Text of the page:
For a moment, he closed his eyes and said a little prayer.  He let the memory in his muscles take over.

When a particularly strong gust of wind came up…the Aviator allowed it to fill his wings and he could feel himself lifting off the stump!  For the briefest of moments, the Aviator became aware that his decision-making process was too slow.  He would need to trust his instincts to fully learn how to fly and he let go.

The wind carried the Aviator up and over the river and he levelled out his flight.  He tested his maneuverability by banking from right to left.  He also practiced rising and descending.  When he felt confident that he had the right amount of control, he glided further and further away from his starting point.

It must have been a great thrill to be able to move around in a completely new way!  What surprises and delights to see your shadow projected upon the world below you.  To move with the freedom of a bird…hasn’t this been one of man’s most cherished dreams?  What a feeling of accomplishment the Aviator must have felt. 

I asked my friends whatever became of the Aviator?  He said he wasn’t sure since it had been awhile since anyone had talked with him.  His memory was already becoming the stuff of legends.  There are those who believe he fell into the river.  Others in town think that he is on an around the world trip.  And, there are folks who feel that it isn’t out of the realm of possibility that he was transformed by his experiences into a bird. If I have to choose…I like the last option best and every once in a while, I spot a bird that reminds me of the Aviator’s story.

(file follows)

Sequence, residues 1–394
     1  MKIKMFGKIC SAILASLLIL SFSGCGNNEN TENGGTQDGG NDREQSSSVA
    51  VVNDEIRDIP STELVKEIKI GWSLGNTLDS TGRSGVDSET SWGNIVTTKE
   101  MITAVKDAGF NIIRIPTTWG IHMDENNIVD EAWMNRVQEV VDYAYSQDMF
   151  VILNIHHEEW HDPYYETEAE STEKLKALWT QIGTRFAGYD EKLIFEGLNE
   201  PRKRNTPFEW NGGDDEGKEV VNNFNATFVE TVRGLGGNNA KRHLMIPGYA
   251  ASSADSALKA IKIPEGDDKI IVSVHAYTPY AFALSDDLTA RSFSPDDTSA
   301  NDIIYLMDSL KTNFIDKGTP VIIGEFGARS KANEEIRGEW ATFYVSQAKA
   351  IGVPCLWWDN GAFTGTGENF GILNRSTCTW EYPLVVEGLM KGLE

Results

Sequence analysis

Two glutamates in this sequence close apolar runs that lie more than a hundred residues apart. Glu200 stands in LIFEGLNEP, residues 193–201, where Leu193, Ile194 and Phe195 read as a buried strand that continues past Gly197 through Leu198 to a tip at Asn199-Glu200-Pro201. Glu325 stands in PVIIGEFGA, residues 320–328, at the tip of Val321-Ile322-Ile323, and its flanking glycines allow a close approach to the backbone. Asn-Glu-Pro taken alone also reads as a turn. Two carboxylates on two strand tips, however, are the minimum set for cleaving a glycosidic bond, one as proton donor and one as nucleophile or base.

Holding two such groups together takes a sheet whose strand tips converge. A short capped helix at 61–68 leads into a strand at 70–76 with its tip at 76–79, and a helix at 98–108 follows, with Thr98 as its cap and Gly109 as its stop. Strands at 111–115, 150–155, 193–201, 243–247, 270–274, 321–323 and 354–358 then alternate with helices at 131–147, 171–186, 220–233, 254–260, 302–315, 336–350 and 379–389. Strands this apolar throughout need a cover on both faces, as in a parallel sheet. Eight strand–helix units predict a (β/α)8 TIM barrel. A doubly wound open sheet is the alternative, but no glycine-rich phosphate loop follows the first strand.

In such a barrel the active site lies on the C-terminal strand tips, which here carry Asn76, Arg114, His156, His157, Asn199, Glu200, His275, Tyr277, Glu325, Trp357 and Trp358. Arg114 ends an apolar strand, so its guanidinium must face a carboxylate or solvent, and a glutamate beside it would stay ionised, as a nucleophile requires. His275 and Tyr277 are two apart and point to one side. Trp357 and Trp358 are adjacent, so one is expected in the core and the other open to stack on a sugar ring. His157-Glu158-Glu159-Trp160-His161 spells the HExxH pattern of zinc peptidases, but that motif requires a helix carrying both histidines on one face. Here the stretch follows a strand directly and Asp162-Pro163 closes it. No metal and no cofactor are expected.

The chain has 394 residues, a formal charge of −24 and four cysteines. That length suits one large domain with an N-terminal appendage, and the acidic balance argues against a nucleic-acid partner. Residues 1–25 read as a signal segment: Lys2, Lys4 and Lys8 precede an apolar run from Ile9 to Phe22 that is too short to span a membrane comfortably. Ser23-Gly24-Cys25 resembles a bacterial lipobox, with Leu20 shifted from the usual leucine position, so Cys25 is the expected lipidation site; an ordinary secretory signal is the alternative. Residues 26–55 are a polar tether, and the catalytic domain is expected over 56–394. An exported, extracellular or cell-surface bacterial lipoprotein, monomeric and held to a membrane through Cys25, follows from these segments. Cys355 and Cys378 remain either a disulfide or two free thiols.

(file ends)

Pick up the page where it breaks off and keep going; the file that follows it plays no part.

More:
POSTSCRIPT:  In 2003, among the anniversaries that form part of the backdrop for my Falls projects included the 200th anniversary of the Lewis and Clark Expedition and the 100th anniversary of the Wright Brothers first sustained flight at Kitty Hawk.  At the time, I remember wondering why we weren’t making a bigger deal about this flying achievement than we were?  Yes, there was a commemorative stamp and a few other smaller observances, but nothing of international attention that I recall.  Being able to fly has been on our collective imaginations since before the story of Icarus and Daedalus and is repeated throughout the world’s cultures. We even have flying dreams in our sleep.  And so, when we finally achieved flight, and eventually went to the moon and back…it struck me that we weren’t making a big enough deal about this?  It isn’t everyday that we achieve what was first conceived in our grandest imaginations.  I thought it deserved more recognition than it got.  What do you think?